At the same time, Bob had also suggested creating a new bad guy for the New Mutants as well, a character who eventually developed as Stryfe. One day, Weezie received a bunch of character sketches from Bob. I remember looking them over in Weezie's office with her and the two of us were dazzled by the apparently effortlessness with which Mr. Liefeld could toss this stuff off. We think (at this late date) that there were sketches of good guys and bad guys in the batch. But I wouldn't swear to it now. But Bob had noted on one of the designs for the bad guy that he thought that this design would make a nifty good guy. The working title for the good guy character was Commander X; as far as Weezie was concerned, this was never a finalized title, just something so she would haven't to keep saying "the good guy character" all the time. Weezie's memory of what happened is that she got a call from Mr. Liefeld after he received the plot complaining about the name. Her recollection is that she told Mr. Liefeld that "Commander X" wasn't necessarily the final name; she thinks that it said so on the plot. In any case, when Mr. Liefeld suggested that they should call the character, Cable, she had no problem with that. (She thinks that Stryfe was also Mr. Liefeld's choice; he wanted to name the characters and she saw no reason why he shouldn't. As most artists who have worked with her can tell you, she generally works pretty hard to keep them happy).

Weezie decided that Cable should be a time traveler from the future, a tough no-nonsense, take charge, kind of leader. He would be mysterious, a character with many questions but few answers. He was not initially conceived as Scott Summers son from the future although the decision to send Scott's baby into the future had already been made by Weezie in her storylines. It was left to someone else, possibly Fabian, to draw those two story threads together and make Cable Scott's son. Or whatever has happened to him. But given the state the storylines were in when Weezie left the book, that was certainly a logical storyline development.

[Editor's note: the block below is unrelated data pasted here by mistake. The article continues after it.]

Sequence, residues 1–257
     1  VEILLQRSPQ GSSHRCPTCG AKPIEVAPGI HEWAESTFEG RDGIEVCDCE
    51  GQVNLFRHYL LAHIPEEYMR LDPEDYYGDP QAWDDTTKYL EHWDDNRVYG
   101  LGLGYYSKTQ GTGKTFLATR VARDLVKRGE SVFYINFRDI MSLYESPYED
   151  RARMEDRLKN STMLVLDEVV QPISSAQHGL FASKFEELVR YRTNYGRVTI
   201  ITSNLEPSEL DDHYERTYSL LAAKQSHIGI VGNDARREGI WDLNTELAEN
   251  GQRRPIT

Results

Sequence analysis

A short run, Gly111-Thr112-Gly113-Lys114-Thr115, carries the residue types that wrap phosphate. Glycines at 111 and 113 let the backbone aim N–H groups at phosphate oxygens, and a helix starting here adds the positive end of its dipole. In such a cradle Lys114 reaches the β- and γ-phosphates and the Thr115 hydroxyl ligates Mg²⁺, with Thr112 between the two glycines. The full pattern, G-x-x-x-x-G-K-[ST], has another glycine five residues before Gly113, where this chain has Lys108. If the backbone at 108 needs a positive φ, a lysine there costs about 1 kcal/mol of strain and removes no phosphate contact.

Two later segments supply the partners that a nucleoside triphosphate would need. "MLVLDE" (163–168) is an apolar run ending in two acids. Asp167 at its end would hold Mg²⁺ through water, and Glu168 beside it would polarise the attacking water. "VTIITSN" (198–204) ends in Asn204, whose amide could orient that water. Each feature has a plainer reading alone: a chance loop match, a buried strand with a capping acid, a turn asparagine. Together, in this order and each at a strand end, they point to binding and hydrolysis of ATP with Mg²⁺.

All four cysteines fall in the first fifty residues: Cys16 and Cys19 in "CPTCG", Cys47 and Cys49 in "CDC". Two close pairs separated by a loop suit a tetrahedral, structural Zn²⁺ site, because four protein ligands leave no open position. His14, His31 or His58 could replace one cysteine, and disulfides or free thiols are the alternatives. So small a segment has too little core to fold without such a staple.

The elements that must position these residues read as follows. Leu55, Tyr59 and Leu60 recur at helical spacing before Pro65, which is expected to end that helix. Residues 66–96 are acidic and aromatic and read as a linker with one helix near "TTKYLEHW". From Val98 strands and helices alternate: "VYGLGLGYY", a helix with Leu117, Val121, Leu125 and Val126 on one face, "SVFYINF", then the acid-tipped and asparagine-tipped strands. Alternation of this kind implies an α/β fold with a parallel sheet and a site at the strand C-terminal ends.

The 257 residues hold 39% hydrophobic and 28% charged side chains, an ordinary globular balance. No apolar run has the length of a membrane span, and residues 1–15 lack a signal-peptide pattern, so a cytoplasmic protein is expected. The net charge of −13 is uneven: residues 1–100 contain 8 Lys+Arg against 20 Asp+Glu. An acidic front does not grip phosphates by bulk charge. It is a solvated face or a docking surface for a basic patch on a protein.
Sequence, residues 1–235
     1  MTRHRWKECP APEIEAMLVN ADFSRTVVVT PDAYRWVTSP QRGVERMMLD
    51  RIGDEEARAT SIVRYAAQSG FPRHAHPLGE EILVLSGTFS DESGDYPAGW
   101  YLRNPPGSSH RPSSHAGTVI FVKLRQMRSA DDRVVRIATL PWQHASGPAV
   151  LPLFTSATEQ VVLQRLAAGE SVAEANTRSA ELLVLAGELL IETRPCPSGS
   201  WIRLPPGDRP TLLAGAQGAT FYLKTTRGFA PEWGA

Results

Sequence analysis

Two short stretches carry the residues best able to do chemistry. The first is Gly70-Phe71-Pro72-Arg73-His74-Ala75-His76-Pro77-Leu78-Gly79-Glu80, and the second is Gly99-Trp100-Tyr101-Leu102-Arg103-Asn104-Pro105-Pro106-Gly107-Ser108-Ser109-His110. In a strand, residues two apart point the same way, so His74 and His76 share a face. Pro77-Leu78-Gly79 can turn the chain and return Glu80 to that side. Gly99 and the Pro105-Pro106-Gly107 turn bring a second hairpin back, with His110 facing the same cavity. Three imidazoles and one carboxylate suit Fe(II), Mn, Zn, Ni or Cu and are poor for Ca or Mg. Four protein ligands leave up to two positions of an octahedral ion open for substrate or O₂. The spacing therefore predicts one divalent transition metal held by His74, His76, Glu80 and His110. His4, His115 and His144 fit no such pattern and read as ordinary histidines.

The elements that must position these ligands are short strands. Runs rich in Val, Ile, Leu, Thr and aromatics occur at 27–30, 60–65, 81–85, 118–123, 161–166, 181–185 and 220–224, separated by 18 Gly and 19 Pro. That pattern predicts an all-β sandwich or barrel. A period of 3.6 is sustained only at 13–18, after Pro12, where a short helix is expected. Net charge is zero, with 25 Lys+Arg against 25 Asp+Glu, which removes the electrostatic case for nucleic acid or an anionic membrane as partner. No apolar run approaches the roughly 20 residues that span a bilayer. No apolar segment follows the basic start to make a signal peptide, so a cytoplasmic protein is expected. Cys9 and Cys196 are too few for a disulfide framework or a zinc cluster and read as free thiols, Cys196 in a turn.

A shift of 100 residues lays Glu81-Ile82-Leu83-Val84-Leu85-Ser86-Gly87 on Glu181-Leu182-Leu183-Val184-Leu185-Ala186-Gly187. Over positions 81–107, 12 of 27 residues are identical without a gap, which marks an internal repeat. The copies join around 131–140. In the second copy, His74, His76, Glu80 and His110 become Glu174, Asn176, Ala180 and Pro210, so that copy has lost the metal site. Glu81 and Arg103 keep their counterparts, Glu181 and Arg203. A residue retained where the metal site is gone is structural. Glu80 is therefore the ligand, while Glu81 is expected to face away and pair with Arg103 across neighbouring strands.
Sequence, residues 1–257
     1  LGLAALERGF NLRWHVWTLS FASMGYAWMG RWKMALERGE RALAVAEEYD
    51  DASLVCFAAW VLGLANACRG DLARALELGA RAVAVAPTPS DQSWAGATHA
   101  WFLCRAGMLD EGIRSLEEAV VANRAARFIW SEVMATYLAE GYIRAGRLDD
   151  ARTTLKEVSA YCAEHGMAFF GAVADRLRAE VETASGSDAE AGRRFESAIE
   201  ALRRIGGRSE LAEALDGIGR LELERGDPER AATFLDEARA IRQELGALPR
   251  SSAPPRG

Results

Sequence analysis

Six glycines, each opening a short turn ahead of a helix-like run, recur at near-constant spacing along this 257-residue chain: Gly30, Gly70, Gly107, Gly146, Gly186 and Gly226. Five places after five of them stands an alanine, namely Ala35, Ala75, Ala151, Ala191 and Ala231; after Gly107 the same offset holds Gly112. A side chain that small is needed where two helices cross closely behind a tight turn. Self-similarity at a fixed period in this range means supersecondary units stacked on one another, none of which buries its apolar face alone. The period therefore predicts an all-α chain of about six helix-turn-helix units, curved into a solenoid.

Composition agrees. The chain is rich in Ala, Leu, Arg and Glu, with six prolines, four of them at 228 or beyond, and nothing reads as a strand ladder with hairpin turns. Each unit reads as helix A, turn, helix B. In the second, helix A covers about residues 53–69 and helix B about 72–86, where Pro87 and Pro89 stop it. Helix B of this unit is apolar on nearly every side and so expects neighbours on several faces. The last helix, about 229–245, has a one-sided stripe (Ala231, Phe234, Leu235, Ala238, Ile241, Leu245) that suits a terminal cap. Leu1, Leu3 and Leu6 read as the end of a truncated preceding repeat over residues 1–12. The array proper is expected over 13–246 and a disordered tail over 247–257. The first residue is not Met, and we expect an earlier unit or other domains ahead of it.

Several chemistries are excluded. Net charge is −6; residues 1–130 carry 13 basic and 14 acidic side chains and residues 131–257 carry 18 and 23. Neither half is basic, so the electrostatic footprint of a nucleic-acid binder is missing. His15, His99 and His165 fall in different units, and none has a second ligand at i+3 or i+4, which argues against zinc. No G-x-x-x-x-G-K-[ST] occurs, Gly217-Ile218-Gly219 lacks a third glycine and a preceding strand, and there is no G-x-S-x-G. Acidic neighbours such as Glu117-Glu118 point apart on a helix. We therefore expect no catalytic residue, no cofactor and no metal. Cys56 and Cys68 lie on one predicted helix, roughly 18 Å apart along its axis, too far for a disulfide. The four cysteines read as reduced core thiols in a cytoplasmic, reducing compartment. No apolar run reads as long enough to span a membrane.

And so Cable was born, as a visual with a sketchy history and a personality, out of an editor's directive, a wealth of character sketches for Stryfe, Mr. Liefeld's name, and Weezie's thoughts about what such a character should be like. And that's as close to a Cable origin as anyone is likely to get. Like most good characters, he has taken on a life of his own in subsequent development that has added new layers of material to his biography.


There's a lot more at the link, as Walt Simonson goes into great detail about the subject, though he does repeatedly stress that he's "not especially concerned about what version of the creation of Cable anyone believes." Give it a read on Facebook.